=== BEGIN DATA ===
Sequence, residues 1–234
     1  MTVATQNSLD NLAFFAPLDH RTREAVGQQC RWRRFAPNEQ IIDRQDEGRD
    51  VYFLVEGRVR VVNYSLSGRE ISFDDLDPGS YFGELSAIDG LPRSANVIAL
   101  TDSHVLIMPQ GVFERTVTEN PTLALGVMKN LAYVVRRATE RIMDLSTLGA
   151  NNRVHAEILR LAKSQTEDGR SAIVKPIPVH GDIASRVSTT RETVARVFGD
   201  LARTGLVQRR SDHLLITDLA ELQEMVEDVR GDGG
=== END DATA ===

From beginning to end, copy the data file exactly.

Sequence, residues 1–234
     1  MTVATQNSLD NLAFFAPLDH RTREAVGQQC RWRRFAPNEQ IIDRQDEGRD
    51  VYFLVEGRVR VVNYSLSGRE ISFDDLDPGS YFGELSAIDG LPRSANVIAL
   101  TDSHVLIMPQ GVFERTVTEN PTLALGVMKN LAYVVRRATE RIMDLSTLGA
   151  NNRVHAEILR LAKSQTEDGR SAIVKPIPVH GDIASRVSTT RETVARVFGD
   201  LARTGLVQRR SDHLLITDLA ELQEMVEDVR GDGG